Newest review: A Million Reasons Why by Jessica Strawser

By Ekta R. Garg

April 14, 2021

Genre: Women’s fiction

Release date: March 23, 2021

Rated: Bookmark it! / 4 stars

When two women discover they’re half-sisters, they also unearth new information about themselves. As they begin to build a relationship with one another, they see all of their old relationships in new ways. Author Jessica Strawser tugs at heartstrings with her newest novel A Million Reasons Why.

In Ohio, Caroline is juggling three young children and a job as an event planner. Her husband, Walt, decides to give all the adults an unusual Christmas gift: DNA tests. Caroline, along with everyone else, spits into the vial, mails it off, and doesn’t give it another thought…until the DNA company lets her know about a half-sister.

An only child—or so she thought—Caroline is shocked and dismayed at the results. She’s always wanted a sister, but discovering she has one because of the infidelity of one of her parents seems too high a price to pay. When she confronts them, one parent reveals that they always suspected that a child came from the affair. The other parent says they made their amends for the affair and want to leave it at that. Both agree they want nothing to do with the entire situation. But Caroline is curious, so she reaches out to her half-sibling, Sela, who lives in Brevard, North Carolina.

An almost-divorced mother of a toddler, Sela is thrilled and terrified by the news that Caroline wants to talk to her. Sela also grew up an only child and also the child of a single parent. She’s wondered through the years about the family she never had, and now that Caroline has shown interest in connecting she’s afraid she’ll mess everything up. Because Sela has more than a passing interest in reaching out to Caroline.

Sela is suffering from kidney disease, and the only way to avoid lifelong dialysis is by receiving a donated kidney. There’s always the possibility of getting a kidney from donors who have died, but Sela’s particular case shows that receiving a kidney from a living donor will increase the odds of a better quality of life. Everyone in Sela’s life, including her ex, has gotten tested, but no one is a match. Sela hopes she can work up the nerve to ask Caroline to get tested too.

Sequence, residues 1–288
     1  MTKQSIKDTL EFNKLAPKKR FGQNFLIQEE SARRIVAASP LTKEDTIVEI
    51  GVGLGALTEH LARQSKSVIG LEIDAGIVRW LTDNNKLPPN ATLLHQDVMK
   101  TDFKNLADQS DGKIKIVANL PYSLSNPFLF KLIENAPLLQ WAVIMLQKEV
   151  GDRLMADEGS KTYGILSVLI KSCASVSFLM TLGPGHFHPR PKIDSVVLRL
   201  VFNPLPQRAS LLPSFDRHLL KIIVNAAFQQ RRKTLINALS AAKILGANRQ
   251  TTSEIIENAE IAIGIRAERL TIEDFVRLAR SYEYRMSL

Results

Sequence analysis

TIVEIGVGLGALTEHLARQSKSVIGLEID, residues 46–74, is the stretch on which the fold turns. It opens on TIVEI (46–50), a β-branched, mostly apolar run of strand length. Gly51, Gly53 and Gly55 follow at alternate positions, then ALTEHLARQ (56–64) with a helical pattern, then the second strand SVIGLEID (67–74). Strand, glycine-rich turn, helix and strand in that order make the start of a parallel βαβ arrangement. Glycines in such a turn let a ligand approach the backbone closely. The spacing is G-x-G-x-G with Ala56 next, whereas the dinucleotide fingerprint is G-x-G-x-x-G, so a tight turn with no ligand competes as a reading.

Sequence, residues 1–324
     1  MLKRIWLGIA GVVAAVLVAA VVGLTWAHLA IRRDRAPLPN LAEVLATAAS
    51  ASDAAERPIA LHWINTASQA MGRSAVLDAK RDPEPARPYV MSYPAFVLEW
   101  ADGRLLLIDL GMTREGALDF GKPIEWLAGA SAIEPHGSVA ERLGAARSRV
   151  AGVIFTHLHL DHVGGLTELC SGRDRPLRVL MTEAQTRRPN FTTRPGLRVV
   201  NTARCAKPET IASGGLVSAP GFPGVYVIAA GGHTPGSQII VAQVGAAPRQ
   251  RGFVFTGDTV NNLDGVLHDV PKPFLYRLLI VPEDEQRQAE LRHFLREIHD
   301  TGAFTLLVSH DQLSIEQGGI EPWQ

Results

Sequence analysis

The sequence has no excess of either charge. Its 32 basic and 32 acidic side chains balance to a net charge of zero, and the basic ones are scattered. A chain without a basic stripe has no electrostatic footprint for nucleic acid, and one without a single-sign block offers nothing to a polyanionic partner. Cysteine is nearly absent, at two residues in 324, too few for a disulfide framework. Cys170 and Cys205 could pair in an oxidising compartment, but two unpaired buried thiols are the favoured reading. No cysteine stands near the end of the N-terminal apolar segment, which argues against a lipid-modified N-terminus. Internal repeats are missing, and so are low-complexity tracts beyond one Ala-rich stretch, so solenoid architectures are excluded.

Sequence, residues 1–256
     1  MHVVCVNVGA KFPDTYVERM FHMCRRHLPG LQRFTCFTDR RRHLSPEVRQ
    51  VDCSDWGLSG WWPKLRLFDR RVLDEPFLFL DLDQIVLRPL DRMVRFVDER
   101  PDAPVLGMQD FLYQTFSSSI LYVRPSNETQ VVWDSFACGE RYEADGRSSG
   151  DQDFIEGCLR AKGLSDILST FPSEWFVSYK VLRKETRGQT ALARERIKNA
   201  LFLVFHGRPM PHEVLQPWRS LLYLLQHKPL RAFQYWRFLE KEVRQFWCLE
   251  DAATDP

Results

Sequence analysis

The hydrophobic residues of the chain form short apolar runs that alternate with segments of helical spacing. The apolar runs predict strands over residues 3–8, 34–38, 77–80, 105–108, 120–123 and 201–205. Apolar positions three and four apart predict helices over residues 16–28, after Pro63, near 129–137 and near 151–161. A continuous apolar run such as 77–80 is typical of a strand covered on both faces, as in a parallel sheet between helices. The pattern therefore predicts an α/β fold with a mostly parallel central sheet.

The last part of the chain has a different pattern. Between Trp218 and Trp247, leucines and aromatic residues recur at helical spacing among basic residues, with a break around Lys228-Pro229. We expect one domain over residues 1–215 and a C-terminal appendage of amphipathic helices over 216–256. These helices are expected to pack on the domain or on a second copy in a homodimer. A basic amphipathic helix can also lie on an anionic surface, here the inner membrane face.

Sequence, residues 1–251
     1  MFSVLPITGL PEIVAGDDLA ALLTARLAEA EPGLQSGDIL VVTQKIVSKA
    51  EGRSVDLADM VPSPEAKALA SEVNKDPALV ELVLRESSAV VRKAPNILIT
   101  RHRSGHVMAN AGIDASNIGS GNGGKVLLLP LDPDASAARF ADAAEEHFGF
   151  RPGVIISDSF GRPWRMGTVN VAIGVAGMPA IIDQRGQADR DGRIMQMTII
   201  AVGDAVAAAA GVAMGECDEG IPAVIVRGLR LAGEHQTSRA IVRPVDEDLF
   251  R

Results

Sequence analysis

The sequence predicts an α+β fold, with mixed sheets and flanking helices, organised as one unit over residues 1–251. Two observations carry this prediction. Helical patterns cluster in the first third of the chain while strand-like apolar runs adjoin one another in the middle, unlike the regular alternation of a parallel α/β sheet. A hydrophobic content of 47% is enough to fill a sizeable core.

Both women make discoveries about themselves and one another as they begin emailing and then talking on the phone, and neither of them is fully prepared for what they learn. The more Caroline learns of the ways she’s tied to Brevard and, indirectly, Sela, the more she wishes she could have a second chance at everything she missed out. The more Sela spends time talking to Caroline, the more she realizes that maybe having a sister is enough. Maybe she doesn’t need a kidney from her after all, even if that costs her everything else.

Author Jessica Strawser builds a believable, relatable relationship between Caroline and Sela. Unlike sappy family dramas, Strawser shows how both women struggle with the information they learn and the decisions they must make. Neither hesitate to advocate for themselves, yet both also fight to be heard when well-meaning loved ones try to override their decisions.

If the book can be faulted anywhere, it is the underdevelopment of the relationship between Caroline and her parents. Much of what readers glean about Caroline’s parents comes from Caroline herself or her conversations with others. Readers don’t get to watch the couple as much, a shame considering how the affair set off the chain of events that follows in this novel.

Strawser is to be commended, however, for the refreshing choice not to have Caroline fall into the trap of an old relationship. Instead of pursuing an affair herself, a tried-and-tested trope of the genre, Caroline pivots when something unexpected comes up. Strawser gives Caroline room to grieve the loss of her first love without allowing that to distract her from her main goal: getting to know Sela.

Sela, too, comes across as believable and relatable. Her soon-to-be ex-husband doesn’t quite hit the mark—readers may question time and again why he continues to hang around if the two have decided to part ways. The line about sharing health insurance only works for so long, and readers may have a hard time buying into his constant presence.

A great plot twist will keep readers flipping or swiping pages to find out how the story is resolved. Fans of solid women’s fiction will definitely enjoy this one. I recommend readers Bookmark A Million Reasons Why.

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